Search
Menu Menu

Question – How do I learn my strengths and weakness in a field?

Wondering how to determine which specific parts of an industry you’re best in? Our career coach gives some advice on how to work out where you fit in a workplace.

Question: When you have little professional experience, how can you figure out what your strengths and weaknesses are in a particular sector?

It’s a great question and a really important one for people who are just starting out.

Here are some ideas.


Figuring out your strengths and weaknesses overall

Think laterally!

Your strengths and weaknesses don’t only show up at work. Think about things you do outside of work such as sports, hobbies and volunteering. Think about the times during your education when it was most similar to work – that’ll be projects and group work.

What did you enjoy, when were you at your best? What didn’t you like?

Don’t do this in a superficial way, go deep. If, say, you establish that you enjoy team sports and therefore you think teamwork is a strength: what parts of teamwork do you enjoy the most, or do best at? Is it leading or following? Is it bringing people together, keeping the team on track, resolving conflicts? Are you better or worse when the team is doing well or doing badly?

This kind of reflection will give you pointers to where your strengths are AND help you start to articulate your value to employers in a way that makes you stand out from other candidates.

Ask friends and colleagues!

It can be hard to know ourselves. So ask friends, teammates, family members and colleagues what they think your strengths and weaknesses are. It can be a bit embarrassing, but frame it authentically, something like “I’m thinking about my career, and to help me choose the right path, I’m spending some time talking to people who know me and asking them to share what they think I’m good at, when they observe that I’m at my best, and also what I could do better”.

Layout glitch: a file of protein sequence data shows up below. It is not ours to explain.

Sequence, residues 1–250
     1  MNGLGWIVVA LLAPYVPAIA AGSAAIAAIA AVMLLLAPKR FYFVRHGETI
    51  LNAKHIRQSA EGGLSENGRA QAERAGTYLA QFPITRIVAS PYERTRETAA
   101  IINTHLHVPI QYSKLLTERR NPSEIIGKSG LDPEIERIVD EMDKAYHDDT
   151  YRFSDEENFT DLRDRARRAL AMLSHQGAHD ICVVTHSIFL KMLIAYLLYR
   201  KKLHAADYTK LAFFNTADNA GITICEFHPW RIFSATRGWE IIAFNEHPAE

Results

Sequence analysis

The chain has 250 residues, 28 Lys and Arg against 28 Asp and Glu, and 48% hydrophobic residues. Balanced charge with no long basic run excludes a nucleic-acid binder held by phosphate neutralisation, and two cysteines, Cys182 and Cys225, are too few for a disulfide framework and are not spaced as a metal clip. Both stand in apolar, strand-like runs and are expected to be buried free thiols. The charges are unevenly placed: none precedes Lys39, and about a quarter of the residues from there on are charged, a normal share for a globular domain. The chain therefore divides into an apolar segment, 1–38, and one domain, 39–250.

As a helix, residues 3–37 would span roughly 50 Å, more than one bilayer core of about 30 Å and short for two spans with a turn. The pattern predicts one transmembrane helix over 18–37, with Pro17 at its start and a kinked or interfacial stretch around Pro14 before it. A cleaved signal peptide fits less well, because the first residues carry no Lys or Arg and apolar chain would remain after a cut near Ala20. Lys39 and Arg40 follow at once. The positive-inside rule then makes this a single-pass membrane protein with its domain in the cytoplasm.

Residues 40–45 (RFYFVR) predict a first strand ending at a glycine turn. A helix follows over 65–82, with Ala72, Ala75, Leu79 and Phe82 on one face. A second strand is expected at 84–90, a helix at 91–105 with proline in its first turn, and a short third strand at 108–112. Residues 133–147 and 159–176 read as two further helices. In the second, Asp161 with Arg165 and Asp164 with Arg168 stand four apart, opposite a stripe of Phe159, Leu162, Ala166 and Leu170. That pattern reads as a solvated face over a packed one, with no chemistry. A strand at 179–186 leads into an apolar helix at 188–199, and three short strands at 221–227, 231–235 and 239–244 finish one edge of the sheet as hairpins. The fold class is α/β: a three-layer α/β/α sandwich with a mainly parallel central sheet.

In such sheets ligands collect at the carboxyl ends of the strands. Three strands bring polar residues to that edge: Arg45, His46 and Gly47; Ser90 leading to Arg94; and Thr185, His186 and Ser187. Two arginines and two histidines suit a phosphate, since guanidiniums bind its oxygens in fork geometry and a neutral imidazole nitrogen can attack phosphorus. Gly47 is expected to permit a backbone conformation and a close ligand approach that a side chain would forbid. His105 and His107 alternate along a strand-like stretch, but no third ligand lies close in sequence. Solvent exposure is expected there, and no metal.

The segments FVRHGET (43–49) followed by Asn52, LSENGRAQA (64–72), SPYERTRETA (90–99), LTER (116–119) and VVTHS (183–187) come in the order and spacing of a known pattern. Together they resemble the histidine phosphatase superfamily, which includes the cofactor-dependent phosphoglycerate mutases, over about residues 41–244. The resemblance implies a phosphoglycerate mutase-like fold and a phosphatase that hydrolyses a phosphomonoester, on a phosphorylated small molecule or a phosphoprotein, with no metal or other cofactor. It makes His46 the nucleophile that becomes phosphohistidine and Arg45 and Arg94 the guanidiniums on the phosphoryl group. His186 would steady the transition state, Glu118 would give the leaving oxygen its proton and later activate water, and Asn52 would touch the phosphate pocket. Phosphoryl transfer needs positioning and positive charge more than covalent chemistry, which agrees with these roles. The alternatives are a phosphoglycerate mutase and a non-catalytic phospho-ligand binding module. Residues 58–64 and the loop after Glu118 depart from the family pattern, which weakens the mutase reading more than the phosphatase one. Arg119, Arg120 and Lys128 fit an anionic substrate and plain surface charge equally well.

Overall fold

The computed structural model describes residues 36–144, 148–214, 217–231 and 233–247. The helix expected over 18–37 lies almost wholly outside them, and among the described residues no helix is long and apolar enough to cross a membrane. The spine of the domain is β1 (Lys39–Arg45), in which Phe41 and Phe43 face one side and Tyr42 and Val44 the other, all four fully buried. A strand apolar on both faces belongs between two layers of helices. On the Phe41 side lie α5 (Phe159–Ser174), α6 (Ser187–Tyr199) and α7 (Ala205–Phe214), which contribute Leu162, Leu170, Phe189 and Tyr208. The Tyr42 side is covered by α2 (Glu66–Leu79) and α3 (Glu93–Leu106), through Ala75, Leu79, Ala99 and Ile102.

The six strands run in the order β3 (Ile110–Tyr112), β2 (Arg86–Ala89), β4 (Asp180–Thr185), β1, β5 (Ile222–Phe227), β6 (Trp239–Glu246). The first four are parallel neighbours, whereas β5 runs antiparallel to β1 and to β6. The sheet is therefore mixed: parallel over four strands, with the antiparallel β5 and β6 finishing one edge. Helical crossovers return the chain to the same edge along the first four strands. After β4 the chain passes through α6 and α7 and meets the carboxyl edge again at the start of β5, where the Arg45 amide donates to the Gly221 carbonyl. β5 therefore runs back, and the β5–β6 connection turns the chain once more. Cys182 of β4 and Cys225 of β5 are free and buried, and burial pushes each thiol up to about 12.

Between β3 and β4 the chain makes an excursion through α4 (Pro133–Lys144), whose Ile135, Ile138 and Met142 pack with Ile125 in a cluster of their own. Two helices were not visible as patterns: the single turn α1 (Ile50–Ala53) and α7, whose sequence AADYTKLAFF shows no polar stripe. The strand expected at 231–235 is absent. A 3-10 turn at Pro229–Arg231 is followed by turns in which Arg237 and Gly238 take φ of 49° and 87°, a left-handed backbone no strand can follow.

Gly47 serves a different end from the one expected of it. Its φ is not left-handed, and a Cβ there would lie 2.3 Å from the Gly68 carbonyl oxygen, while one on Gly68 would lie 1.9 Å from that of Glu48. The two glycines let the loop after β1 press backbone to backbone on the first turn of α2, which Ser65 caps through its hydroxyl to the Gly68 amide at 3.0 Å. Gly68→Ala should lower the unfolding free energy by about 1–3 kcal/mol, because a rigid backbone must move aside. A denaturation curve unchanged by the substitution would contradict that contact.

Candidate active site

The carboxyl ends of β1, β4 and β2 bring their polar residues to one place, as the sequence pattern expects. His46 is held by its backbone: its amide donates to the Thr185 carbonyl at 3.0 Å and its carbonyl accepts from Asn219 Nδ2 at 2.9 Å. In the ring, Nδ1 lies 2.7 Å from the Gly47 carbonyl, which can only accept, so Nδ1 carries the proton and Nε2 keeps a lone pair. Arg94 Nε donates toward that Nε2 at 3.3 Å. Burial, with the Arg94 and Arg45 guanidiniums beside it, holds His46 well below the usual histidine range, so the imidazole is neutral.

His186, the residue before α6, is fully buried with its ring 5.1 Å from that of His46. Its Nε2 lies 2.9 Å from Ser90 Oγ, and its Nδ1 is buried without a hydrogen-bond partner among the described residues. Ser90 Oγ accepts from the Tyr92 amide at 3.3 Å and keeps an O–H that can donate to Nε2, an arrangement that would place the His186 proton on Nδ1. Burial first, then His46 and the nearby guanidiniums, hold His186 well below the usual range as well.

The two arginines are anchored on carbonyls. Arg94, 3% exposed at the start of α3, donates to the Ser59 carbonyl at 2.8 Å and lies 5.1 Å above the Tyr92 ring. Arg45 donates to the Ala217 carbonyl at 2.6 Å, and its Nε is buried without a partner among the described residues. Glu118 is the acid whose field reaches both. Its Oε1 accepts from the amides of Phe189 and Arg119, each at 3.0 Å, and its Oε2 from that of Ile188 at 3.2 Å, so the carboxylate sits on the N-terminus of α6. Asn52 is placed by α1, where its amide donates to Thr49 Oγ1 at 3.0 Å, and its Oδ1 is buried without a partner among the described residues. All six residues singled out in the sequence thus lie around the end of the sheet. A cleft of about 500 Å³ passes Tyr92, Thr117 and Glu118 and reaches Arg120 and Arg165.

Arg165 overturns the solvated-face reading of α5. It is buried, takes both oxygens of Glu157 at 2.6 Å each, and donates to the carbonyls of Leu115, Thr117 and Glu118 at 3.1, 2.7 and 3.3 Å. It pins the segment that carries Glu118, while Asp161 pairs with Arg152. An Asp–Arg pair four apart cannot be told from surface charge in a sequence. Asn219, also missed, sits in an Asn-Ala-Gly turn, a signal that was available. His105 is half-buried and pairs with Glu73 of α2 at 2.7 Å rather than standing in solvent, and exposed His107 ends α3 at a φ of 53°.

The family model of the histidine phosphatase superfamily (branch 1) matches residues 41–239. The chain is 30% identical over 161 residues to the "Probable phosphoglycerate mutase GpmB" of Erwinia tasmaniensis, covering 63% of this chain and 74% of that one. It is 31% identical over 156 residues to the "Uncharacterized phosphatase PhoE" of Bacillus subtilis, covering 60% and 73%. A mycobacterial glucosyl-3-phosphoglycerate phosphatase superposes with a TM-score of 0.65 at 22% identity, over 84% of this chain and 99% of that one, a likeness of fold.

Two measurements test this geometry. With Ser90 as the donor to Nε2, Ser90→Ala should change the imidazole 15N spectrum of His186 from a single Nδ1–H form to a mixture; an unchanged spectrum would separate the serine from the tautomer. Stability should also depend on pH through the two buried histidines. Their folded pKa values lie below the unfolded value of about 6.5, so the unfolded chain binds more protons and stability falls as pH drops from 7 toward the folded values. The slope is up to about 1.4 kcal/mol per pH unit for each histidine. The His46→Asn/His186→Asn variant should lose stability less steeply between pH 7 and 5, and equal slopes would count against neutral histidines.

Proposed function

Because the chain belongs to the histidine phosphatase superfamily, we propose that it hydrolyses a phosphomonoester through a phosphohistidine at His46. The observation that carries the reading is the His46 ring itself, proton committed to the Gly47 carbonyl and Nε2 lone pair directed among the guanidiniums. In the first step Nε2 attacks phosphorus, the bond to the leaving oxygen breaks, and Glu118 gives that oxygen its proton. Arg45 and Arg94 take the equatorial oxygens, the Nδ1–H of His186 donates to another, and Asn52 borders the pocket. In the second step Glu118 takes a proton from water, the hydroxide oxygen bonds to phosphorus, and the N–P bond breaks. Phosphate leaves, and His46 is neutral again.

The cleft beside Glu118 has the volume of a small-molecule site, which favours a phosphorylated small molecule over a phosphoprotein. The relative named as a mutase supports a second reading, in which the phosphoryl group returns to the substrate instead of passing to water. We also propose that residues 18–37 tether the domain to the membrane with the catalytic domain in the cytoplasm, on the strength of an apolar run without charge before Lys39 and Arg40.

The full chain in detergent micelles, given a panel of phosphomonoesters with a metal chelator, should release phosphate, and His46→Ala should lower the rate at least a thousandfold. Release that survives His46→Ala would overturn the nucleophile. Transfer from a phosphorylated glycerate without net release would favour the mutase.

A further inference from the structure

If you can have that conversation with a dozen people, it might be the most productive thing you ever do for your career development.

 

Figuring out which sectors suit you

Talk to people.

Once you have developed an idea of what you have to offer, talk to practitioners in the sectors and functions that interest you. Get them to share what they do and what their challenges are.

Through this ‘conversational research’, you’ll develop a picture of whether you would be a good fit for that role or not.

Once more, don’t skimp on this valuable research. Different people will have different opinions about the same job, so gather lots of data points, be curious in your questioning, and take time to reflect on the similarities and differences in the answers you get.

The more information you can gather, the richer your understanding of the options, the better your decision making will be

Experiment!

Internships, short-term work experience, volunteering, freelancing, and part-time work are all great ways to try out a job without committing to it. It’s the best way to get a feel for how your strengths and weaknesses apply in a particular sector or function.

You might feel like you don’t have time for these work-based-experiments. But ask yourself this – what price would you pay for information that means you can make good decisions right at the start of your career to set you up for success?

 

Thred Newsletter!

Sign up to our planet-positive newsletter

Accessibility